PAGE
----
News
13th August 2012

In the following, published in the Courier Mail, I argue that like in education we should ban competition and winners and losers in the Olympics.

Given events over the first week of the Olympics, it’s clear that many are unhappy with how winners and losers are chosen and the system of awarding medals.  In some cases, like Australia’s James Magnussen who failed to win gold by 0.01 of a second, the argument is that if the results are so close then both first and second deserve gold.

One only needs to see the emotional distress and loss suffered by those who fail to win gold, such as Stephanie Rice, to realise the irreparable emotional and psychological damage caused by an unhealthy focus on coming first.

Add the suspicion that some contestants are taking enhancing performing drugs and there’s no doubt that the modern Olympics no longer embodies the ancient ideals on which the games should be based.

There are 204 countries involved in the London Olympics and the reality is that only a relatively few will win medals, with some having no chance of ever winning gold. Imposing an elitist, phalluscentric and hierarchical system of defining success relegates most countries to the dustbin of Olympic games history.

The Olympic games also reinforce social inequalities associated with Western style capitalism.  Illustrated by debates about the social composition of Team Great Britain, where 50% of medals in Beijing 2008 where won by athletes educated in private schools (even though they only represent 7% of the population), it’s clear that the way athletes are chosen reflects Britain’s class-based system.

What’s to be done?  Sociology academic at the University of All Shall be Winners, Professor Leveller, argues “Not all sportspeople have the same level of ability, motivation or genetic makeup.  So it is wrong to have winners and losers as not everyone has the same chance of success”.

Professor Leveller continues, “Sporting authorities should take the lead from educational reforms in the English speaking world that have radically redefined the work of schools”.

Success in schools is no longer measured solely by competitive, high-risk examinations.  In Australia, for example, teachers no longer rank students A to E, where E means fail, or from 1 to 10 as failing students is bad for their self-esteem.

Marking with red pens is forbidden and failure is replaced by descriptions like ‘deferred success’, ‘consolidating’ and ‘not yet achieved’.  In sports grounds, it’s also the case that scores are not recorded in games like soccer on the basis that all must feel valued by experiencing success.

In a draft briefing paper commissioned by those countries that have never won a gold medal, and undertaken by the No Winners in Sport Foundation, details are provided explaining what future Olympics might look like.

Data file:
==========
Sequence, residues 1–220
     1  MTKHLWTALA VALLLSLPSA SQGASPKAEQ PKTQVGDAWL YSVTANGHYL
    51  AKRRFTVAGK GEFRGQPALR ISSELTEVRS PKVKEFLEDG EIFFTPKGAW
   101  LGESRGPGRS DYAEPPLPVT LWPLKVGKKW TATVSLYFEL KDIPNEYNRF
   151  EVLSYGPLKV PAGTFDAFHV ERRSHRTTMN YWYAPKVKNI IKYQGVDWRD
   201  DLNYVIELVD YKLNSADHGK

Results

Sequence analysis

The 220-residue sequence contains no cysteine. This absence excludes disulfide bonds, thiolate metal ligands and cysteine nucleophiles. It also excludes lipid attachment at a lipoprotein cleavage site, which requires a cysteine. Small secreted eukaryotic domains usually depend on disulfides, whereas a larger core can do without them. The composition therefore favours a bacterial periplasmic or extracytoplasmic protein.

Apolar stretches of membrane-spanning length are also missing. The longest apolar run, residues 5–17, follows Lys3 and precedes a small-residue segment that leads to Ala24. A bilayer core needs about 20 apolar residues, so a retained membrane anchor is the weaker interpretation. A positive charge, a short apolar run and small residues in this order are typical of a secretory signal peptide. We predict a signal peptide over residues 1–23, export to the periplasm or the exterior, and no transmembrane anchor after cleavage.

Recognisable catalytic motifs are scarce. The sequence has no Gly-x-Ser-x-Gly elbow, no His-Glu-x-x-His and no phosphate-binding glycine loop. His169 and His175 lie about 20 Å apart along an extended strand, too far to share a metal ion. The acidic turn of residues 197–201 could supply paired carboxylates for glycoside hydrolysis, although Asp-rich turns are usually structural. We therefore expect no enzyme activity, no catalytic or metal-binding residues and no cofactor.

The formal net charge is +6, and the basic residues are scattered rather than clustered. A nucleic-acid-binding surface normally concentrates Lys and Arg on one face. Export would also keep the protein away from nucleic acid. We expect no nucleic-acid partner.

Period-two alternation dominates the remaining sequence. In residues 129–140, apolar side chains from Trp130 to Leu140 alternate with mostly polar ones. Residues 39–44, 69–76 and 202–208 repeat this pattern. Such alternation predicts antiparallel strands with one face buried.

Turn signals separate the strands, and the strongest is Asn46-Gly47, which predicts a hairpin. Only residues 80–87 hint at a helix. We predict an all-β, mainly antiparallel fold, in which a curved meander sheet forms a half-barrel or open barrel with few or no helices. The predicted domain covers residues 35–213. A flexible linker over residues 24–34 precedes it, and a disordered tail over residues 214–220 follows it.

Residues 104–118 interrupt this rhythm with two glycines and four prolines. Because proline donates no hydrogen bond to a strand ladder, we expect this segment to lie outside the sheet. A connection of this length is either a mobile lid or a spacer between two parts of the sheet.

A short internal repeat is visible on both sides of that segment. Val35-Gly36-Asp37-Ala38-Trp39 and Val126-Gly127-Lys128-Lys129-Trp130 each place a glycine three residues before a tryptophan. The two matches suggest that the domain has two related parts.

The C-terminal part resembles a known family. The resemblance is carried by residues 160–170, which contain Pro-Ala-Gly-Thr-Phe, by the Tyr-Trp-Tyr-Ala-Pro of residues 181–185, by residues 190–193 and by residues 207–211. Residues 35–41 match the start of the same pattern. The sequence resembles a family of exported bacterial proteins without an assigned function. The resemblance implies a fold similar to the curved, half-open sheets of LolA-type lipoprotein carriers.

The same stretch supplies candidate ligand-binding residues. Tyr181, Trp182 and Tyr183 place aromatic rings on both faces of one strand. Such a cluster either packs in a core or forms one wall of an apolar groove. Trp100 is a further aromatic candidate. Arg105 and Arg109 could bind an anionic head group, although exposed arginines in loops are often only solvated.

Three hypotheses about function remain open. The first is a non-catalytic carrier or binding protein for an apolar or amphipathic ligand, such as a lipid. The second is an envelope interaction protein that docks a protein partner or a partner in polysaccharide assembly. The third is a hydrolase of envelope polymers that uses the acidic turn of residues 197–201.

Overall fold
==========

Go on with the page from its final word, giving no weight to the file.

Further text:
Gold, silver and bronze medals will no longer be available on the basis that all involved deserve to be valued.  Instead, a certificate of participation printed on recyclable, eco-friendly paper will be awarded to all participants.

Quotas will be implemented to ensure that merit and ability are no longer considered, instead victim-groups will be given priority to ensure a correct balance in terms of gender, ethnicity, class and sexuality.

The rules determining how games are played will also be radically redefined to ensure a less stressful and more celebratory ethos.  In the long jump, for example, a line will be set in the pit impossible for any jumper to reach.

Gradually the line will be moved closer to the jump point to ensure, eventually, that all contestants can experience success and a sense of mutual friendship.  Similar to horseracing, those contestants that outperform others in sporting trials will be handicapped to ensure they no longer have an advantage.

Initial responses to the No Winners in Sport draft paper are mixed.  Representatives from Australia’s elite sporting organisations argue that competition forces contestants to strive to do their best and teaches valuable traits like endurance, concentration and the need for disciplined training.

Those committed to a more new-age, holistic and socially just view of sport, on the other hand, drawing on the Gonski review of school funding, argue that like in education, all must be winners, social background should not determine success and there must be equity in sport.



 

 

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News
13th August 2012
In the following, published in the Courier Mail, I argue that like in education we should ban competition and winners and losers in the Olympics.Given events over the first week of the Olympics, i...

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